In DEI discussions, there’s a lot of talk about equality versus equity. How treating everyone the same isn’t the same as treating everyone fairly. At Ask A Manager, this came up because of how religious days are dealt with in different jobs. In a Christian-based society (which America is, even if people don’t want to admit/acknowledge it). Hell, Christmas is a federal holiday. The fact that many people don’t consider it a Christian holiday is how dominant the religion is in this country. It’s easy to say as the majority that you don’t think of it as Christian holiday.
The discussion is about how to be fair to people from other religions. In Judaism, for example, there are Purim, Yom Kippur, Rosh Hoshanah, and more. For Muslims, there are Ramadam, Eid-ul-Fitr, and more. Alison made it the “Ask the readers” question of the week, and there have been several interesting answers.
The one that irritates me, though, is that people with no religino get no extra-day. One person said it’s like people without children don’t get days off for parent-related things and people who aren’t sick don’t take off sick days. Which is fine in each individual situation, I guess, but it’s aggravating in the aggregate. More than one person brought up this point without acknowledging that some people won’t need any of those things. But I know that people don’t give a shit about me (not me personally, but the categories that I’m in) because I’m not a parent, I’m not religious, I’m not married, I don’t have parents who depend upon me, or anything like that.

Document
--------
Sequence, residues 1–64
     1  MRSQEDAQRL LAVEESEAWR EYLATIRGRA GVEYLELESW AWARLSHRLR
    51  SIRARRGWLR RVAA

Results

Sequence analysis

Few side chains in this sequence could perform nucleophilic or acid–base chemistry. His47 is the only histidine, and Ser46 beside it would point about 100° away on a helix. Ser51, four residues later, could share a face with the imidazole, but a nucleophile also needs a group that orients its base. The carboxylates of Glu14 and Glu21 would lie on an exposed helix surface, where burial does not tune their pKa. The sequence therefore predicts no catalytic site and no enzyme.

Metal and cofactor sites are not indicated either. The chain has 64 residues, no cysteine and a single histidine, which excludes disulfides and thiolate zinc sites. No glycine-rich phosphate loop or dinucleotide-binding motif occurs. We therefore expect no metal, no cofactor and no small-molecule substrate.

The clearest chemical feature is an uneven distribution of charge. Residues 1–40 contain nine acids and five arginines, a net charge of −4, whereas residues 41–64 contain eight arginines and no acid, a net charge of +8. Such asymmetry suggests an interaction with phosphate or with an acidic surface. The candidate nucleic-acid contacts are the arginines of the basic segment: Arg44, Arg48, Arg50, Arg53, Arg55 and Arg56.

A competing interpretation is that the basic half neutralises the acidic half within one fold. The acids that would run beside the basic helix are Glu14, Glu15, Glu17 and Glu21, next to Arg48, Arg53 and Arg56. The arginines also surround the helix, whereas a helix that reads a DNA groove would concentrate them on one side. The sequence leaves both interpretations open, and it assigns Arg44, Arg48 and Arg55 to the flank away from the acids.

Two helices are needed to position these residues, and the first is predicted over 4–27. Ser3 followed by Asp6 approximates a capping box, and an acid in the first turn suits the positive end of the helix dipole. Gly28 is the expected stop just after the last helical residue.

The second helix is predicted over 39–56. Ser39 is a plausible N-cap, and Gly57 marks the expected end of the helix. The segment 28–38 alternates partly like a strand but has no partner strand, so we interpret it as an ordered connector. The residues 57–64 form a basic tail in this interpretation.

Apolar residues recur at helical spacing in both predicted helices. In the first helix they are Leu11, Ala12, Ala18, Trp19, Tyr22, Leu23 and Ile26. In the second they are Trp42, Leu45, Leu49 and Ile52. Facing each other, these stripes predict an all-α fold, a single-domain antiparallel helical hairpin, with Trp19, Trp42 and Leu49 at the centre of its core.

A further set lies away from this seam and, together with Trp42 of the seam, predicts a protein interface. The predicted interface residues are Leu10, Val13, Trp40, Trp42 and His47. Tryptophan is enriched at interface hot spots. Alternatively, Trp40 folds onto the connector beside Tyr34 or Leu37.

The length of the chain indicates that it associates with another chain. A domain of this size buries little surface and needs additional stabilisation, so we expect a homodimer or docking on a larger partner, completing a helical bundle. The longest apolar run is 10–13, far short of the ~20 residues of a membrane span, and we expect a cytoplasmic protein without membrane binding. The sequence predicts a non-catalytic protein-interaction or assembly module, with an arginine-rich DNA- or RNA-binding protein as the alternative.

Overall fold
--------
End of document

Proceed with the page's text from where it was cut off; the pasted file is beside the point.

People are suggesting floating holidays or the ability to swap (so you can work Christmas if you want, asy Yom Kippur off). Or floating holidays that you can use for any day that is personally meaningful to you. What if you don’t have either of those? I do’nt care about holidays. At all. But if I was working in an office, I would want my fair share of days off. If I was working in an office, I would have had to take time off for my medical crisis. Other than that, though, I don’t need any of the other things being talked about.
That’s why I think if the office is open for Christmas, swapping days plus a standard number of days for floating holidays would work fairly well, I tihkn. I hate the argument that any inequity is done by the employer and not the employee who gets the benefits. I mean, I agree in theory, but if the employee getting the perks is putting pressure on their coworker (like a parent bugging a coworker without children) to take a shift, do their work, etc., then that coworker is part of the problem. An active one.
A few people in the thread said that the best thing to do was to just give everyone a set amount of days and let them use the days for whatever they wanted. THat’s the camp I would be in as well. People were saying that religious people from minority religions get shafted by this, but to a certain extent there is no way that it can be completely equal. Or truly fair.